Intermediate Word:  halberd   (a) armor for a knight's back  (b) sideboard  (c) vertical box serving as a closet  (d) combination spear and axe
Difficult Word: - zebu  (a) African face mask  (b) tribal sub-chieftain  (c) Asiatic humpbacked cow  (d) dish of plantain, chickpeas and spices

$12.5M In Subcontracts Awarded For Fusion Experiment At Princeton - SpaceDaily  Dramatic advances in magnetic confinement physics and computational capabilities have yielded a promising new configuration the compact stellarator. NCSX will be the first device in this class anywhere in the world. The cross section of a tokamak is circular and remains the same all around the doughnut. The cross section of a stellarator varies, depending on where the doughnut is sliced. This additional degree of freedom allows physicists to select the best plasma cross section for optimal performance. NCSX will combine the best features of the traditional stellarator with those of the tokamak. The NCSX will create a plasma which is more compact than traditional stellarators. The smaller size may lead to a more economical fusion power plant, including those now operational in Europe and Japan.     
NASA Approves Mission To Seek Nearest Stars, Brightest Galaxies - SpaceDaily  Left:  An infrared image of M16, the Eagle Nebula, taken by the ESA/ISO satellite. The false-color image was constructed from a 7.7 micron infrared exposure (shown as blue), and a 14.5 micron infrared exposure (shown as red). This nebula is the site of active star formation in the Milky Way Galaxy. WISE will observe the region in similar wavelengths of light to see the dust that often enshrouds star forming regions. Like a powerful set of night vision goggles, the new space-based telescope will survey the cosmos with infrared detectors up to 500,000 times more sensitive than previous survey missions. It will reveal hundreds of cool, or failed, stars, called brown dwarfs, some of which may lie closer to us than any known stars.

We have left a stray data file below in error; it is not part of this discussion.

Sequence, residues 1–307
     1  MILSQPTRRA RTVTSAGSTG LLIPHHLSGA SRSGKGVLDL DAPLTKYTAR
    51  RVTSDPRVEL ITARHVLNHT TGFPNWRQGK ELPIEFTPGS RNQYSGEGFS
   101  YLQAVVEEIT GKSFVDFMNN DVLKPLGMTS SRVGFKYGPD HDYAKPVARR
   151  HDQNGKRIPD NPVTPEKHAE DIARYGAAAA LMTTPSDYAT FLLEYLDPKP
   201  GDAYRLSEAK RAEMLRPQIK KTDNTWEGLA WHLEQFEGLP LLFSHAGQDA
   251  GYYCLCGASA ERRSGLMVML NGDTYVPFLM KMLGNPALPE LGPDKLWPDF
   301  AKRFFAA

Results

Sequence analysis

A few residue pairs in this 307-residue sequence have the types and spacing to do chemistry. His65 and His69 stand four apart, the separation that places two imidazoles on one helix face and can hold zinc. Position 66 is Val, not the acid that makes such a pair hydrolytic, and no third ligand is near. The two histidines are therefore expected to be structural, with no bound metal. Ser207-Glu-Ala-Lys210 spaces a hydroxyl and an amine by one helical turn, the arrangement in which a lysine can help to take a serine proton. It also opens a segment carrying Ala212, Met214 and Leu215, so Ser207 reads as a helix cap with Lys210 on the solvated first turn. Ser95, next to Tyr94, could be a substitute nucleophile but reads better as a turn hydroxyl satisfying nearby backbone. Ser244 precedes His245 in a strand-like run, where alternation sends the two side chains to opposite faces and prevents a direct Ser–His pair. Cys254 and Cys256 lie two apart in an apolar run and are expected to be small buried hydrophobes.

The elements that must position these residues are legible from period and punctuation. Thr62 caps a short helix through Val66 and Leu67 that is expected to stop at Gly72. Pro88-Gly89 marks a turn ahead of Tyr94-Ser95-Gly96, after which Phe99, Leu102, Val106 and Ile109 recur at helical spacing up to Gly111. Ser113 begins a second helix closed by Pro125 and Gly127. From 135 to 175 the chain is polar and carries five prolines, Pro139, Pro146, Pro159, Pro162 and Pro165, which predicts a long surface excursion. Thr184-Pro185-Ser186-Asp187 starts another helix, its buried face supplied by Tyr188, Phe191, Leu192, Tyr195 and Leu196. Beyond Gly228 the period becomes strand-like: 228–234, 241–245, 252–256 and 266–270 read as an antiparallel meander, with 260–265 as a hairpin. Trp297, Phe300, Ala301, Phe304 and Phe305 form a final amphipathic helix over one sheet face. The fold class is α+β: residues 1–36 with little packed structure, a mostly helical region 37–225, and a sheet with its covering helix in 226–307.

Next Step To The Quantum Computer - SpaceDaily  Physicists from the University of Bonn have succeeded in taking a decisive step forward towards processing quantum information with neutral atoms: in the latest issue of the 'Physical Review Letters' vol. 93 (2004) they describe how they managed to set up a quantum register experimentally. Their next aim is to construct a quantum gate in which two or more atoms interact with each other in a controlled way. By combining the register and gate there would then be all the basic components available for developing a quantum computer with neutral atoms. Registers are the central memory of a computer.

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